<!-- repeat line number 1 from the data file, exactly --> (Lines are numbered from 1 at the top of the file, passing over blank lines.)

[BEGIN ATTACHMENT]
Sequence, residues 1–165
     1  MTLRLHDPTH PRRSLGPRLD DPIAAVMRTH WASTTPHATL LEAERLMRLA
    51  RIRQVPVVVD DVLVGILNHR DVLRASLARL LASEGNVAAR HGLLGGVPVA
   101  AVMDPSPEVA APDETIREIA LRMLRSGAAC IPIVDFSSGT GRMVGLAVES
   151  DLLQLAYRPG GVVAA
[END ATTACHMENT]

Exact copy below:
Sequence, residues 1–165